Packaging and Closer Look
MSI’s packaging are usually simple but are usually good. We see a touch of gold this time; you can see a picture of the motherboard on the front side of the box, together with its name. And on the back side you can see the features and some specifications of the motherboard.
The box includes the motherboard itself, a user manual, a thank you card, some reading materials, a DVD driver installer, SATA cables, RGB cables, SLI bridge and sticker labels. Again, the MEG Z390 ACE has the essential stuff; unlike the GODLIKE where there are lots of accessories included in the box.
Above you can see the front and back portion of the MSI MEG Z290 ACE motherboard. One thing I noticed about MSI’s motherboard is that RGB lighting isn’t a dominant thing. There are only portions where RGB lighting is enabled. Compared to Gigabyte’s motherboards where RGB is almost everywhere. That may be a pro or a con, depending on the user. But I find it just right to keep the RGB lighting on the motherboard moderate; since most components have their respective RGB lighting as well (CPU cooler, DDR4 memory, graphics card and etc.).
The rear IO shield is pre-installed which is a nice thing. Now you don’t have to worry in case you forgot to slap that rear I/O shield on the case / chassis. There are no RGB lighting on the I/O ports, but the Ethernet port has a red LED lighting. The RGB lighting from the I/O shroud also bleeds through the USB ports (red ones). The Clear CMOS and BIOS Flashback buttons have red LED illumination as well.
On the MSI MEG Z390 GODLIKE, all the M.2 slots are covered with what MSI calls the Shield Frozr (heat sink for the M.2 SSD). But on the MEG Z390 ACE, it’s only the third M.2 slot that has a Shield Frozr. There are thermal pads on both sides as you can see from the third photo above.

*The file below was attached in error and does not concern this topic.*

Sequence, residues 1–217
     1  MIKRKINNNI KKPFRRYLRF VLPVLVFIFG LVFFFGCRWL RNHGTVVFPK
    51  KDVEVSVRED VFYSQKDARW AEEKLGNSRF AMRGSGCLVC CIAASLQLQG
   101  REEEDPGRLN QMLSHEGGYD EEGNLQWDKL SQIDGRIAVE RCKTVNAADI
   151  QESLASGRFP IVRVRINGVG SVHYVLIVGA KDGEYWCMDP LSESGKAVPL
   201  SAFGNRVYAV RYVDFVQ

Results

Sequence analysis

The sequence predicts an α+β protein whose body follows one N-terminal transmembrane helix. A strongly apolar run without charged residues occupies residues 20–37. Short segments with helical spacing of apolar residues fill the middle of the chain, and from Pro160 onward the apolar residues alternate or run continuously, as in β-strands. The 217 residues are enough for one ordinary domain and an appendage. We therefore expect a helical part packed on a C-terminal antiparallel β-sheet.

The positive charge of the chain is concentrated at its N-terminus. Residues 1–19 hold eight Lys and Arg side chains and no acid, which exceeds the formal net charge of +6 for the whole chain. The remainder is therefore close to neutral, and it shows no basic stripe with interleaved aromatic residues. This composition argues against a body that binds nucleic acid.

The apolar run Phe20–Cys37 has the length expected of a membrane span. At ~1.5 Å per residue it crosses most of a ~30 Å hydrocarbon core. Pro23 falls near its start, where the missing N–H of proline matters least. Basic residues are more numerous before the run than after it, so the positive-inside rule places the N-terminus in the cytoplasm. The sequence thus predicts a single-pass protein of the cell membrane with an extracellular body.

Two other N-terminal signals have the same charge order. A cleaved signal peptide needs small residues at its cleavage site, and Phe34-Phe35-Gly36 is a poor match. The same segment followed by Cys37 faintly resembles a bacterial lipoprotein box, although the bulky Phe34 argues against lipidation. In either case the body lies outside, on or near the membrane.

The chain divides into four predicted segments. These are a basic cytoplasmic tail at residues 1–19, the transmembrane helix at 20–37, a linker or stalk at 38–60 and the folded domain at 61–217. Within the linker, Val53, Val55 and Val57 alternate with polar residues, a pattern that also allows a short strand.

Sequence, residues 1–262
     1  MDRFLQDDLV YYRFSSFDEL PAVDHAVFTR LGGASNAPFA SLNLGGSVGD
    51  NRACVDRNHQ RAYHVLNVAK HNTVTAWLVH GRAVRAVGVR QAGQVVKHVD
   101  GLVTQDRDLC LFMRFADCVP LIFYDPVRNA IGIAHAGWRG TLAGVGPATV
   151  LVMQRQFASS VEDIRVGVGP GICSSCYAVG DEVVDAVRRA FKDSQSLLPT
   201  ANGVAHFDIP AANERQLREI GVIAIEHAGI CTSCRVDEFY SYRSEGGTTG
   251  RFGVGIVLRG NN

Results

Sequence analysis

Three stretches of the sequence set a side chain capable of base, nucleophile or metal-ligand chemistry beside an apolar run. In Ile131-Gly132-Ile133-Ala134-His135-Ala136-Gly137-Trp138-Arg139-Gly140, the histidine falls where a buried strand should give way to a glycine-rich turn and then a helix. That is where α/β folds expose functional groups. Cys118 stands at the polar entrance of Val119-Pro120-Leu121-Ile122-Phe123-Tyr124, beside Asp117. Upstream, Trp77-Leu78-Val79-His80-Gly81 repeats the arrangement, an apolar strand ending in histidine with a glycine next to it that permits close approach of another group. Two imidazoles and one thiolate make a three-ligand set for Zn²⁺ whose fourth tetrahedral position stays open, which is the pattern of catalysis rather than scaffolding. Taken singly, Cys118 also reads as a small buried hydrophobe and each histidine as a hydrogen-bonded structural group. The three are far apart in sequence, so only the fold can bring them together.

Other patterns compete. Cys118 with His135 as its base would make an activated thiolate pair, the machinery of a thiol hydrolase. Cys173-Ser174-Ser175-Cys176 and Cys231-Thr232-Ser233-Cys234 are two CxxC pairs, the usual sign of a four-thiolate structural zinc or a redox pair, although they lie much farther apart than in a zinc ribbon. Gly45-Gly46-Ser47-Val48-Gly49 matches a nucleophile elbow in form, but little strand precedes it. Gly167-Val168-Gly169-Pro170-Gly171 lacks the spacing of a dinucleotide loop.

There are also power buttons and reset buttons located at the lower right bottom corner. Right next to the reset button is the Game Boost OC dial. MSI has provided some overclocking preset that you can use in case you are not really into manual overclocking and you want to overclock your CPU. Do note though, that manually overclocking and fine tuning is still the best way to OC your system.
Removing the I/O shroud and the heat sink reveals the 13 phase VRM. There are 12x ON4C024N low-side MOSFETs and 12x ON4C029N high-side MOSFETs for the CPU Vcore. There are also a number of International Rectifier IR3598 doublers, six to be exact. You can also see two 8-pin power supply for the CPU, but you can use 1x 8-pin if you don’t intend to do some extreme or heavy overclocking.
There are several fan headers on the top portion of the motherboard, as well as on the bottom portion. The debug led code is located right next to the memory slots; it’s really useful by the way, as it can also display the temperature of the CPU. There are also V-check point where you can check the different current voltages on the system. Aside from the debug code, there is an EZ debug LED that I find very useful specially in diagnosing boot sequence problems.
The MSI MEG Z390 ACE uses an ESS Sabre 9018 32-bit DAC chip paired with Realtek ALC1220 HD audio codec, the audio section supports up to 8-channels. There are also 9x Nippon Chemi-con gold audio capacitors, but all of these are covered under a shroud.
I don’t see any major issue on the motherboard itself, let’s proceed further and check out its BIOS section and bundled apps. And then let’s see what the MEG Z390 ACE motherboard can do on the benchmark results page.